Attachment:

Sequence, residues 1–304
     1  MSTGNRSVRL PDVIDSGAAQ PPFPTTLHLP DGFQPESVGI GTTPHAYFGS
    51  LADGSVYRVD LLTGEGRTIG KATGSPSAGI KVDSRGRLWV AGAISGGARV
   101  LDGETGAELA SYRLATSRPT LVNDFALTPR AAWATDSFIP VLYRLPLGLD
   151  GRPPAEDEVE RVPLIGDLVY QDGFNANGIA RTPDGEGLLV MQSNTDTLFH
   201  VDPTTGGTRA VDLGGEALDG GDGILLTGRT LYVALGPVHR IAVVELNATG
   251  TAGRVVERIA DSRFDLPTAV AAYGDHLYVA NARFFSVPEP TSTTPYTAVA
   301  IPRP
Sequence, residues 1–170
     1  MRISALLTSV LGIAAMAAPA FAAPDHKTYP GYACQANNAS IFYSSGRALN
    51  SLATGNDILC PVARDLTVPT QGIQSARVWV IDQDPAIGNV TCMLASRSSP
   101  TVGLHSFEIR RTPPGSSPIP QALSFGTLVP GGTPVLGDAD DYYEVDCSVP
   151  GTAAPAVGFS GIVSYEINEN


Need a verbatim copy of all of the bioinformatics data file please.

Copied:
Sequence, residues 1–304
     1  MSTGNRSVRL PDVIDSGAAQ PPFPTTLHLP DGFQPESVGI GTTPHAYFGS
    51  LADGSVYRVD LLTGEGRTIG KATGSPSAGI KVDSRGRLWV AGAISGGARV
   101  LDGETGAELA SYRLATSRPT LVNDFALTPR AAWATDSFIP VLYRLPLGLD
   151  GRPPAEDEVE RVPLIGDLVY QDGFNANGIA RTPDGEGLLV MQSNTDTLFH
   201  VDPTTGGTRA VDLGGEALDG GDGILLTGRT LYVALGPVHR IAVVELNATG
   251  TAGRVVERIA DSRFDLPTAV AAYGDHLYVA NARFFSVPEP TSTTPYTAVA
   301  IPRP
Sequence, residues 1–170
     1  MRISALLTSV LGIAAMAAPA FAAPDHKTYP GYACQANNAS IFYSSGRALN
    51  SLATGNDILC PVARDLTVPT QGIQSARVWV IDQDPAIGNV TCMLASRSSP
   101  TVGLHSFEIR RTPPGSSPIP QALSFGTLVP GGTPVLGDAD DYYEVDCSVP
   151  GTAAPAVGFS GIVSYEINEN